CEO Thomas Chippas has stated that the company is unique because it divided the trading and settlement functions using traditional DCM (exchange) and DCO (clearing) models.

He further added that it reflected the structure that institutional investors expect from other asset classes and will help drive these markets toward greater relevance and accessibility.

Apart from its DCO approval, ErisX received no-action relief from the CFTC for certain aspects of its offering. Primarily, the CFTC Division of Clearing and Risk granted ErisX relief from aspects of Part 39 of the Code of Federal Regulations Title 17.

Companies apply for no-action relief when they believe their product can fit the spirit of the law, but not necessarily the letter. When no-action letters are granted, the applicants must adhere strictly to the list of requirements laid out within.

Meanwhile, ErisX’s approval comes a week after competitor LedgerX received its own DCM license. Likewise, LedgerX has yet to announce a definite timeline for the launch of its bitcoin futures contracts.

Other exchanges such Bakkt – subsidiary of NYSE parent firm ICE – and Seed CX, a US crypto derivatives provider, are planning as well launching their own physically-settled bitcoin futures soon. Bakkt is currently awaiting a trust company license from the New York Department of Financial Services.

Cryptocurrency Exchange Bitrue Falls Prey to Hack – Will Refund Users

Singapore-based cryptocurrency exchange Bitrue has suffered a major hack, losing around $4.2 million in user assets, mainly 9.3 million XRP and 2.5 million Cardano (ADA) from its hot wallet.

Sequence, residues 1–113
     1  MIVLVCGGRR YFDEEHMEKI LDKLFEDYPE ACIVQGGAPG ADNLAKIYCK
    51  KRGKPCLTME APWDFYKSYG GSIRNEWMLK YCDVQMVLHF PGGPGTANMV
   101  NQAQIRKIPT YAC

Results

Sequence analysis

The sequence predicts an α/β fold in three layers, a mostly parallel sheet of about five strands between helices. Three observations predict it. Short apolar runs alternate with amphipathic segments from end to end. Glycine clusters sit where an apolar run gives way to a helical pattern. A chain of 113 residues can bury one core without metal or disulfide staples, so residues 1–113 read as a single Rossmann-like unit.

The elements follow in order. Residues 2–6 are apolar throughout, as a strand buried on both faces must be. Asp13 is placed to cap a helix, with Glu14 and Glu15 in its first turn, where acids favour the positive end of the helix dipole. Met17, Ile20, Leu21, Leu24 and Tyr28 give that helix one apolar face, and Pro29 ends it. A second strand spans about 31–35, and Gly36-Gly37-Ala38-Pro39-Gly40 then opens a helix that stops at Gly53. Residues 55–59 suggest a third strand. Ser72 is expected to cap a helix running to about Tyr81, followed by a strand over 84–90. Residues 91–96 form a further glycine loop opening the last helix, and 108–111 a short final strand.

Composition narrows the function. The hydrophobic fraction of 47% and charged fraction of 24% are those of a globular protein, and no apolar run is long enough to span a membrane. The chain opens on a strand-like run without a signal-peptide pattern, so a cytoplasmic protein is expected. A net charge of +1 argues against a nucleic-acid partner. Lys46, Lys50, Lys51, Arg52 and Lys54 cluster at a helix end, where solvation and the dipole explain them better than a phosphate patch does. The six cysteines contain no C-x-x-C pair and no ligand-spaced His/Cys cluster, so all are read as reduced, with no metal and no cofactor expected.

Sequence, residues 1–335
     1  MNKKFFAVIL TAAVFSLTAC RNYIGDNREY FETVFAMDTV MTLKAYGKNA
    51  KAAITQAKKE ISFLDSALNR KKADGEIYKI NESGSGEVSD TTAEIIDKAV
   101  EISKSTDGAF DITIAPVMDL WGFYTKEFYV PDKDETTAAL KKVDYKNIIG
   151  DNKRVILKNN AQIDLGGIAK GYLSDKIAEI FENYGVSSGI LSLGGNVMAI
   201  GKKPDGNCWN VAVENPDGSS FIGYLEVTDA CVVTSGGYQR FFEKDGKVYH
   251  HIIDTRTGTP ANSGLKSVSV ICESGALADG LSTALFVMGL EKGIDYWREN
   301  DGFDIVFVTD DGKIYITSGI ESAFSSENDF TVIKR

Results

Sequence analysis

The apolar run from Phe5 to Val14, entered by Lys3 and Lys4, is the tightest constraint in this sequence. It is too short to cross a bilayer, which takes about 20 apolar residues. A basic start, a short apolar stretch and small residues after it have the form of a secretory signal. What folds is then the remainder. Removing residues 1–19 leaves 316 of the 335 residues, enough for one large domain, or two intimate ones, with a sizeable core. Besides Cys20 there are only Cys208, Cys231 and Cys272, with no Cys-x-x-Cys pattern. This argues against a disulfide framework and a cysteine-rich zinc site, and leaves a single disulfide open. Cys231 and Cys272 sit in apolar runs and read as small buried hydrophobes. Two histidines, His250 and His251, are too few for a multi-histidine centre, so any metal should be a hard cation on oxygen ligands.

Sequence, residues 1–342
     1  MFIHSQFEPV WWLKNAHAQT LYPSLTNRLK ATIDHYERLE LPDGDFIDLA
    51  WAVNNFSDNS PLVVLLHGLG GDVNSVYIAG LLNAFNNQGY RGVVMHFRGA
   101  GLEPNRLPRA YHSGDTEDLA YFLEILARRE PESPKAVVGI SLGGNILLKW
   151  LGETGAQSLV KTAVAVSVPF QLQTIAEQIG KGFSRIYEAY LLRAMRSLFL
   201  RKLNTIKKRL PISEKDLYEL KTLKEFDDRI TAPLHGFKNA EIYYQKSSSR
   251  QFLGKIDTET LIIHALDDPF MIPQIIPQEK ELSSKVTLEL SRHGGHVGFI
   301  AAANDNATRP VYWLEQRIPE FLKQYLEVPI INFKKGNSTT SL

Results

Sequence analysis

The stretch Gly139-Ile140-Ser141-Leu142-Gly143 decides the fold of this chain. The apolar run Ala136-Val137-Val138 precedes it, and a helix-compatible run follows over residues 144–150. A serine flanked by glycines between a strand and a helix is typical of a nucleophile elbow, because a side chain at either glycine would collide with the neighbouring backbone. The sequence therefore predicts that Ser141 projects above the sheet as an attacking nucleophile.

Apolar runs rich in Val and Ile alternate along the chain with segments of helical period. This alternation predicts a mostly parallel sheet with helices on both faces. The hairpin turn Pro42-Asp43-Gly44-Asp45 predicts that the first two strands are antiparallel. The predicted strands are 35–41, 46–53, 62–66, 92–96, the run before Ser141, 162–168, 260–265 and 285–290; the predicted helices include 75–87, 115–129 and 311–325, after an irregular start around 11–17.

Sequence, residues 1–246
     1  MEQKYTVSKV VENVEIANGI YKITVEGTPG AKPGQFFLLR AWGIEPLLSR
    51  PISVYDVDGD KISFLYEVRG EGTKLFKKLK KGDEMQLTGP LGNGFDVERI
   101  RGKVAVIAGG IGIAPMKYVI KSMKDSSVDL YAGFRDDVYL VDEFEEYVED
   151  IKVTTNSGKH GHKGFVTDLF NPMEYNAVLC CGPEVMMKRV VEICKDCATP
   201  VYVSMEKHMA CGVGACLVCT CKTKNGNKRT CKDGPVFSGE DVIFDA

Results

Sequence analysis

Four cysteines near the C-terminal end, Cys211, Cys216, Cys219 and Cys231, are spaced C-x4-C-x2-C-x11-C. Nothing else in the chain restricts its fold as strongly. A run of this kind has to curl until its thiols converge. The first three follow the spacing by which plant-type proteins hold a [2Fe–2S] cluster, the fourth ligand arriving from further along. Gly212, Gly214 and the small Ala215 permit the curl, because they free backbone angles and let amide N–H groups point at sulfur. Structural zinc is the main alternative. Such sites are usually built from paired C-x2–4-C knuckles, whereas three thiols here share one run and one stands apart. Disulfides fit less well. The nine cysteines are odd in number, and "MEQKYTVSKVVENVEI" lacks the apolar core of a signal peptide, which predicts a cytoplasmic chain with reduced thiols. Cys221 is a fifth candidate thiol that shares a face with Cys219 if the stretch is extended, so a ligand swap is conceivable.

The exchange platform revealed the news in an official statement published on Twitter, stating that the hack had been identified at around 1 AM local time on June 27.

At the time of the breach, the stolen funds would have been worth over $4.5 million in XRP and $237,500 in ADA.

The exchange further explained that a single hacker initially exploited a vulnerability in the Risk Control team’s 2nd review process to access the personal funds of about 90 users,  and consequently used that to access the exchange’s hot wallet and steal the assets.

According to exchange, the hack had been quickly detected and the hacker’s activity suspended. In addition to that, Bitrue said it was working with the Huobi, Bittrex and ChangeNOW exchanges, which it credits with helping freeze the relevant transactions and associated accounts.

Following the hack, the platform issued a statement saying that user funds are insured and anyone who lost cryptocurrency would be refunded.

“First of all, please let us assure you that this situation is under control, 100% of lost funds will be returned to users, and we are reviewing our security measures and policies to ensure this does not happen again.”

In another tweet, Bitrue revealed it is currently conducting an emergency inspection of its systems and plans to return to live functionality again as soon as possible. It is expected that log-in and trading support re-launch sooner than withdrawals, which will remain offline for a longer period.

Early this year, Bitrue said it was also affected by a 51-percent attack on the Ethereum Classic cryptocurrency in which a hacker had tried to withdraw 13,000 ETC but claimed the attempted theft had been stopped by its system.